On our second night in Santiago we were taken out to supper by one of Dido’s contacts at Sename (Chile’s National Youth Service – responsible for the protection of the legal rights of children and adolescents, among other things). He had helped Dido plan her trip from the UK and would be her main facilitator while we were in Chile. A warm and exuberant young man as I recall and, accompanied by his equally charming fiancee, he gave us a lovely night out on the town. This was to be the first of many enjoyable dining experiences throughout our long trip, highlighted by our host’s impromptu collaboration – on vocals and percussion – with a passing guitar-playing serenader. What the performance lacked in fine harmonies and tunefulness  it more than made up for with sheer gusto and enthusiasm…

4 Accompanying the serenade


The next day we went to the Sename HQ in Santiago for a meeting with our host of the previous evening. The two things to bear in mind at this point in the proceedings are that Dido’s Spanish was still embryonic and we were a young European couple entering a complex devoted to issues related to parent-less children. However, neither of these two key factors prepared us for what was about to happen when we found ourselves sitting in an office opposite a smiling, affable woman who we assumed was our friend’s secretary. We must have been sitting with this kindly lady for about five minutes exchanging what we thought were pleasantries – her in pigeon English and Dido in pigeon Spanish – when the office door finally opened. But, instead of seeing our friend, a grinning nurse (at least she was wearing a nurse-type uniform) walked in holding a bonny baby boy in her outstretched arms. Before we knew or understood the mix-up in progress, Dido found herself with said bonny baby boy sitting on her lap smiling expectantly into her eyes. Then, after a moment or two we realised that we had been misdirected to the adoptions section of the building instead of our contact’s admin’ office. Eventually, our friend appeared and cleared up the confusion. But, as we left her office, the lady, asked us if we wouldn’t like the baby in any case, even suggesting that we could pick him up at the end of our stay in Chile. She was serious…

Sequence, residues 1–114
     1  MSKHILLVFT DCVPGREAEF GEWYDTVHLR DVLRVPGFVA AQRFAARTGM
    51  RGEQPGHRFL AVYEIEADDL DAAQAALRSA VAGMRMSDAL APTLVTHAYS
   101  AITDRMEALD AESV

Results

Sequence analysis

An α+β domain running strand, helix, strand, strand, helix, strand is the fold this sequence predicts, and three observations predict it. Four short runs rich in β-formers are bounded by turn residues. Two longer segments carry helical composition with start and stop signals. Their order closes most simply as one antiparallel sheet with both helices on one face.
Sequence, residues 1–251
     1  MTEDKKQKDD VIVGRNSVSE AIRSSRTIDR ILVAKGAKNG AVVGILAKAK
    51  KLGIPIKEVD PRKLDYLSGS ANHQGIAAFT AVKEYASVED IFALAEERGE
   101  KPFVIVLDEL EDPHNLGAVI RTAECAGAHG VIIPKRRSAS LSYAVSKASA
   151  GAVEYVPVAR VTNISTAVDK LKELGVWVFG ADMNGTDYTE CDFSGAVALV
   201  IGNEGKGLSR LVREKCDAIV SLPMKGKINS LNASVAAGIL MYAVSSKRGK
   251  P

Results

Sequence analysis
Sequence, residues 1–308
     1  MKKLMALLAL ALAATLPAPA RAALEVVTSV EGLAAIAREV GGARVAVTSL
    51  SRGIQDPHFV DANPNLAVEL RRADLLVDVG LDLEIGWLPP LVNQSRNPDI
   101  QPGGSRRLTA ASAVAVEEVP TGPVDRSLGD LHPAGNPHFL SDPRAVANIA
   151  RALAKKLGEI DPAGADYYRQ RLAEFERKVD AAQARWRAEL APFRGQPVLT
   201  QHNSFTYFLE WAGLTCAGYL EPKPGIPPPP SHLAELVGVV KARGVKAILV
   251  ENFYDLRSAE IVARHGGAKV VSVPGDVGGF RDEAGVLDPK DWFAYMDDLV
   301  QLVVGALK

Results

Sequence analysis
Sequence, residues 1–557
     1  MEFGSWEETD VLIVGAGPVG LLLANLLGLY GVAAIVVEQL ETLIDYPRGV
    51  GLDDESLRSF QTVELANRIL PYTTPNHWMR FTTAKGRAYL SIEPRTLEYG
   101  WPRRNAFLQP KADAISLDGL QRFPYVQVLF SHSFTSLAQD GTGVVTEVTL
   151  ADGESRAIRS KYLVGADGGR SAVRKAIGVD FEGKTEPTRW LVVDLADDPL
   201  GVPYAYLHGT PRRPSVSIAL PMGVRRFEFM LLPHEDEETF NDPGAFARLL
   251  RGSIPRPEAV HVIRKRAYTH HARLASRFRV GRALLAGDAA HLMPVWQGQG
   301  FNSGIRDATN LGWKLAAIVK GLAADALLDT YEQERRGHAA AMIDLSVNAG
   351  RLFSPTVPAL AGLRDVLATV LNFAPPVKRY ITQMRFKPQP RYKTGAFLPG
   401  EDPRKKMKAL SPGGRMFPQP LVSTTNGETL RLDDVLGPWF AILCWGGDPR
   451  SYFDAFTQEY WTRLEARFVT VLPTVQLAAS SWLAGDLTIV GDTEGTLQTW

5 One to Go!


Dido’s first port of call was the small Atacama Desert town of San Pedro – just over 1000 miles north of Santiago. We decided to use the same mode of transport that most Chileans used then for such long journeys – the famous Tramaca coach. Being only the start of the trip we were as-yet uncertain of how our funds would hold out, so rather than travel in the relative luxury of the cama bus with their lauded 1st class aircraft seats and cocktails, and airline-style meals served by attentive stewards, we opted for the regular-seated bus. We would be traveling to San Pedro in three stages, stopping first for a day at the port of Antofagasta – a journey of twenty-five hours. Initially, apart from the stunningly beautiful landscapes we motored through, there was nothing remarkable about the coach journey itself. But then we stopped for a  driver’s rest break and it was like no driver’s rest break on any coach journey we had ever encountered before. As the doors of the coach opened a virtual caravan of peddlers and food sellers streamed onto the vehicle, offering assorted newspapers and magazines, all sorts of drinks, from fresh juices to beer and tasty things to eat. Most delicious of all were the empanadas, fried and baked – reminiscent of Cornish pasties – filled with either cheese, tuna or meat. And there were also huge, green, sweet ripe palta – known to just about everyone else in the world beyond the borders of Chile and Peru as avocado…

6 The Tramaca experience

2 thoughts on “CHILE – OUR REAL CARTOON ADVENTURE (part 2 of 11)

    1. Thanks Edgar – It’s nice that these old scribbles are finally getting an airing after all these years stuck away in a drawer. And they really are quite sweet – if I say so myself!


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